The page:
Buyer-Seller: The three commandments of surprise

collectif Published by Staff

Every year Halifax Consulting meets with thousands of sales reps to help them improve their B2B negotiating techniques. We try to find out how they react when a customer puts them to the test. What have we observed? Nothing much surprises sales reps anymore!

French cinema lovers who have seen Itinerary of a Spoiled Child will surely remember this legendary scene in which Jean-Paul Belmondo teaches Richard Anconina a few “business secrets,” including the importance—in his eyes—of never appearing surprised:

This is one time where Belmondo got it wrong!  Surprise is a useful tool in a buyer-seller relationship. Why? Because acting surprised shakes things up. As the saying goes, “silence means consent.” And you can say a lot by showing your surprise. Here are the three commandments of using surprise to your advantage at key moments.

Thou shalt be surprised at questioning about prices

What happens in your client’s head when you name a price? For most, more expensive means better. When you quote a price range to a client, you have to be sure of yourself. So if your client questions your prices and you’re not surprised, what message does that send? That your quality isn’t up to par? That they didn’t ask for enough? They were right to challenge you—and now it’s time for you to show that you’re surprised! The idea isn’t to sidestep discussion or negotiation, but to always act surprised when your proposal is questioned, because in your mind, the value it offers is clear to see.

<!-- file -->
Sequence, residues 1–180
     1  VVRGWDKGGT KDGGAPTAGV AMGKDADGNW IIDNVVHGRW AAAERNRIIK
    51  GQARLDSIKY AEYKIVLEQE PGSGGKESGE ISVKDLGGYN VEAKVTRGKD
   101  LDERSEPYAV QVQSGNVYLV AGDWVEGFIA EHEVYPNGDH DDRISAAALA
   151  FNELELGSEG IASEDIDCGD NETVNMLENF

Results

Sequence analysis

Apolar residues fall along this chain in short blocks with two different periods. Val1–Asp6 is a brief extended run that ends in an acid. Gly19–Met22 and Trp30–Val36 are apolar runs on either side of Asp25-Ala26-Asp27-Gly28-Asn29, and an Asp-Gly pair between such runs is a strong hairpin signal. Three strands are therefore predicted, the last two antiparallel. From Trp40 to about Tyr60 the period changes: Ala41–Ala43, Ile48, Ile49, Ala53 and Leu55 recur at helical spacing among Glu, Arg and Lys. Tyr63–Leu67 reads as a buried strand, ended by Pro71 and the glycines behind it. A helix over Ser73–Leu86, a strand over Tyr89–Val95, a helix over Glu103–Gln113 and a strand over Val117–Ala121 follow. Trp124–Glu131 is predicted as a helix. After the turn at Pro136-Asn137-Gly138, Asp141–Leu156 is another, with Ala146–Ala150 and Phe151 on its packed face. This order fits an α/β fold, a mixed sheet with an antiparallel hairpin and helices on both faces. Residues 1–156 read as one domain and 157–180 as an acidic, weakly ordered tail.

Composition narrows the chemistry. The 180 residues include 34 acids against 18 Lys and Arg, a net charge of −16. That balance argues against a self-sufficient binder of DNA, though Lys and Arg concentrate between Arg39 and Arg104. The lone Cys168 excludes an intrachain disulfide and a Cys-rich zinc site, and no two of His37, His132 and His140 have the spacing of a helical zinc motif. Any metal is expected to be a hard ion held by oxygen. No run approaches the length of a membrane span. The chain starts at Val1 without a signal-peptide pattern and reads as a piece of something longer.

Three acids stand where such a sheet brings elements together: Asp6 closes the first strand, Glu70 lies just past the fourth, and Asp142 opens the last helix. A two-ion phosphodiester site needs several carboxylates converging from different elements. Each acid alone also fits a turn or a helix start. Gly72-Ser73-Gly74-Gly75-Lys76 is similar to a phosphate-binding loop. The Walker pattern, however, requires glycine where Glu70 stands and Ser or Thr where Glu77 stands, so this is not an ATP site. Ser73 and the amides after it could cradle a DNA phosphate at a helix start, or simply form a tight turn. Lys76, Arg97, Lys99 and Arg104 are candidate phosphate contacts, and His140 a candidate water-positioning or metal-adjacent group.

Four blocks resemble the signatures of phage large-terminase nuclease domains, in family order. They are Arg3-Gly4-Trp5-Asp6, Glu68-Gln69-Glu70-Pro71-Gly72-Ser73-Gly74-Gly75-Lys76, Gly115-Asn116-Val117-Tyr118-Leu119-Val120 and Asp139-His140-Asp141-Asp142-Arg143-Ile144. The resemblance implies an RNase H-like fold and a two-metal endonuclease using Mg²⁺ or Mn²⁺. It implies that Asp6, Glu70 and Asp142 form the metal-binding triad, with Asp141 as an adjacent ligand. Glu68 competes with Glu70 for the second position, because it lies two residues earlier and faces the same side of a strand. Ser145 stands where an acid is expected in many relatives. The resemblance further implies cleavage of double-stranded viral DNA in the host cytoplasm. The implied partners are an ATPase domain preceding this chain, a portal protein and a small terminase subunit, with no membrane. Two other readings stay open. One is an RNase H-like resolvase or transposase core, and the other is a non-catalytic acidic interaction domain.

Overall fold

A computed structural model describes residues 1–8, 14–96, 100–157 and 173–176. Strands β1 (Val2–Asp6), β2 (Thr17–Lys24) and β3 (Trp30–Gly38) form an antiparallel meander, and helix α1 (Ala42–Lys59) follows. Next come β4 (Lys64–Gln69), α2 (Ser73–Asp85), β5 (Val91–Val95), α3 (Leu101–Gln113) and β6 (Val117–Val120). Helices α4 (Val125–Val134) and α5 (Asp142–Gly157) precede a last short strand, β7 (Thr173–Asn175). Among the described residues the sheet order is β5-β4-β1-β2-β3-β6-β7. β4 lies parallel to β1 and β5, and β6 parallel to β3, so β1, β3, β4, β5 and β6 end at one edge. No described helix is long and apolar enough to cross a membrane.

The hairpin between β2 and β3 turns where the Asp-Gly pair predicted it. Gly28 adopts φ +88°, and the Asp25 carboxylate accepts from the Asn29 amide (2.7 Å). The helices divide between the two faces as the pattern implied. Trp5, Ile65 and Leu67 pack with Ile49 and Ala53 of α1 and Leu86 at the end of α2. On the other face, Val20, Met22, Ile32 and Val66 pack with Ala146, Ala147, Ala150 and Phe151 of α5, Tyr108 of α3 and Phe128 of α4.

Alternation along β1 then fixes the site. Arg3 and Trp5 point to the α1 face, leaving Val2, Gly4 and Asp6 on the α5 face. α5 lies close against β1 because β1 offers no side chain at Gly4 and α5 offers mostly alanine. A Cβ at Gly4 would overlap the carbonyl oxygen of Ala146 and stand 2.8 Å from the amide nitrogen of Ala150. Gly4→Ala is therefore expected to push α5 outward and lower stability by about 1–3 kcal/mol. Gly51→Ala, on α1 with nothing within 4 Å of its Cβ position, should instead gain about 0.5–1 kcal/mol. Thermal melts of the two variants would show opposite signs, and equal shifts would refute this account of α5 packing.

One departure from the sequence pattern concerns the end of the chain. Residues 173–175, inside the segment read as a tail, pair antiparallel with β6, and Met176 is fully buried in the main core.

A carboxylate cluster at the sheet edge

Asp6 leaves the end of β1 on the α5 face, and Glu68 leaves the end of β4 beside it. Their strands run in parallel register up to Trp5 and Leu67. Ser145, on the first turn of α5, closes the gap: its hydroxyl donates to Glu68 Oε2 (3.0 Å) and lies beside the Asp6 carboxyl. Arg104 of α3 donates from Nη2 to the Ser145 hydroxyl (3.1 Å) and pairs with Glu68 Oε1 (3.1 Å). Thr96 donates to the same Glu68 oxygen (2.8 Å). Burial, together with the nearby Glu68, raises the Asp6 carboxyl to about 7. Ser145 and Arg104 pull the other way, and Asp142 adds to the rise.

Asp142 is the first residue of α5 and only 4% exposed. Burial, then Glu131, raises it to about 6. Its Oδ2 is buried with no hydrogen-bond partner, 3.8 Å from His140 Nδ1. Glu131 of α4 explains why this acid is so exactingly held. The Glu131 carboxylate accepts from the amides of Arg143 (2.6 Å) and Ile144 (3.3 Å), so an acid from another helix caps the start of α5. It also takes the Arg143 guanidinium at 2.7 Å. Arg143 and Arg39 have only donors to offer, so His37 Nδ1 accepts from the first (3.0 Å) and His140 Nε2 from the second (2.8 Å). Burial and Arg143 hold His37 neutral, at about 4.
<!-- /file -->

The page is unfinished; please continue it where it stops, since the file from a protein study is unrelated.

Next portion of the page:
Thou shalt be surprised at complicated language

Everyone will tell you that you need to do things simply to sell effectively. That includes negotiating financial terms. If you don’t understand the client’s processes or counteroffers, be surprised!  You run a risk when you have the impression that the buyer is speaking another language. Don’t waste your time listening to a litany of procurement processes that are all over the place. Negotiate them! The most underhanded buyers are often the ones who announce their terms most boldly. The Wolf of Wall Street can attest to that.

Thou shalt be surprised at urgency

If your client seems to want an answer from you at all costs without even making time to meet with out to discuss their request, needs and priorities, then something smells fishy. Unless you have a .44 Magnum pressed against your temple, there’s no point in entertaining this sort of approach. Here again, act surprised and let the person know that you don’t accept their terms. Never forget that you’re the one who decides when the contract will be signed, because you’re the one dictating the tempo. The client can’t make a decision until they know your final offer. 

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